Through publishing his thoughts, curating what others have written, and helping his readers understand how and if what others have written is relevant to them, Ary has attracted media exposure from trade and other business publications, as well as the attention of referral sources that are very important to the growth of his practice. He is also frequently invited to speak at industry conferences because of his visibility.
Ary has been named among The Top 100 401K experts in the nation, and regularly appears in JD Supra’s Top 100 Most Read by visitors to the site. Ary has also appeared at the top of the Banking/Financial Services category in JD Supra’s Reader’s Choice Awards.
The Impact of Law Firm Bureaucracy On Ari’s Success
Ary Rosenbaum became interested in publishing content several years ago. At his former firm, it didn’t take long for him to grow tired of firm bureaucracy holding him back from producing content for his practice. Ary told us the vetting process for his content was S-L-O-W.
As a result of this, Ary went out on his own and eventually discovered the content distribution benefits of publishing on JD Supra. Within 2 to 3 months of signing up with them, he was quoted in the Wall Street Journal. Once again, he was introduced to a new audience because of the content he shared.
Ary told us that he believes sites like JD Supra help his content find legs around the country much easier than doing it alone. Because of this increased content distribution, Ary began to be invited to speak at national conferences….again, exposure to new audiences.
No Random Acts of Content
Ary’s philosophy is that he isn’t interested in publishing random acts of content. Each piece of content has a connection and a purpose to his practice. More important to this process is that each piece of content has a connection to his clients, referral sources, media, and potential clients.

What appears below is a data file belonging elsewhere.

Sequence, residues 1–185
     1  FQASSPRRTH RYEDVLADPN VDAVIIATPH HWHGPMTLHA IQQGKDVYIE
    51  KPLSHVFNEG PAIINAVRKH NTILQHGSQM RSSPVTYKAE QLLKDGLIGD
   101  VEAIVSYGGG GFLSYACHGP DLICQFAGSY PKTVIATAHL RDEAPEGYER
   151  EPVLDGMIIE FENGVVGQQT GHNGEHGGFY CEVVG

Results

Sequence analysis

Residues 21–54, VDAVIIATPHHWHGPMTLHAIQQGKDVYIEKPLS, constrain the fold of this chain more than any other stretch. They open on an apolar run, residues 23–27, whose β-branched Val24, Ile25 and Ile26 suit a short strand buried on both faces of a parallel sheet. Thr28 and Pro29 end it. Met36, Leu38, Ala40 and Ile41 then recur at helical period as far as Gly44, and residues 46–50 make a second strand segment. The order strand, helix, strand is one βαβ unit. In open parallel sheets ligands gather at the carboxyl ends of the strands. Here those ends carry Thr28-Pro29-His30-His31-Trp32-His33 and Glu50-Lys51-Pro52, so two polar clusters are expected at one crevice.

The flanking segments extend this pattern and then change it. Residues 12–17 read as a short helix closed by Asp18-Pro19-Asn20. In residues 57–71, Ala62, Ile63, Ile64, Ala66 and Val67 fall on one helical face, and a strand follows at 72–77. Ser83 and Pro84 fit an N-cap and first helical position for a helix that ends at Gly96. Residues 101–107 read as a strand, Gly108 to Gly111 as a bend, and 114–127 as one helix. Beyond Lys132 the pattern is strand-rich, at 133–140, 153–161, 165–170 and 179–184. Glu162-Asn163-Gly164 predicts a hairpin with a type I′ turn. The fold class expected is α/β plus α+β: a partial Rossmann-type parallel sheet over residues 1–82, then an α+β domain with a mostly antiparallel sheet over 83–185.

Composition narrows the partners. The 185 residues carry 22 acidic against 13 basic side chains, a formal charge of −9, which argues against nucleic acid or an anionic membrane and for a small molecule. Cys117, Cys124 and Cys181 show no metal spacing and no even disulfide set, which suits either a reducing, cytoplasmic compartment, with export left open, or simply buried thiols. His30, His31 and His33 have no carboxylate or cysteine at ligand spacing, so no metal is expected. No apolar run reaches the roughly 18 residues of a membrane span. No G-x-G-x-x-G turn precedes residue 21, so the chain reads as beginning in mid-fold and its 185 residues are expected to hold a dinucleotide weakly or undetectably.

I agree with Ary’s philosophy that he isn’t in it for home runs, but for solid [content] base hits.
Always Do This When Publishing Content
During the webinar, Adrian shared a piece of advice about publishing content that he and I agree upon, which is to always think about who we can provide valuable content to in order to help them.
He shared this simple piece of advice:
Provide Value To Other Service Providers
Ary also hit the nail on the head when he went on to say that content creation and distribution is all about the relationships. He is aware there are other service providers in complementary professions and businesses who don’t do what he does, so he tries to provide valuable content to them to help them with their clients.
“We are in a relationship business.”
He creates “shareable” content that can make other service providers look good to their clients. This goes a long way toward developing and nurturing relationships with those service providers.
Don’t Go Over Your Readers’ Heads
This next part is very important to all in the legal profession.
Ary knows who his clients are and understands they need information in a basic format. He knows not to create content above his readers’ heads. He doesn’t just report news and developments. He also helps readers understand what developments mean to them. He has learned this from the years he has spent producing content for them. For example, Ary has 18.5 years of experience working with plan providers, so he understands how they think. He has come to know their needs because he has spent time networking with them and studying them.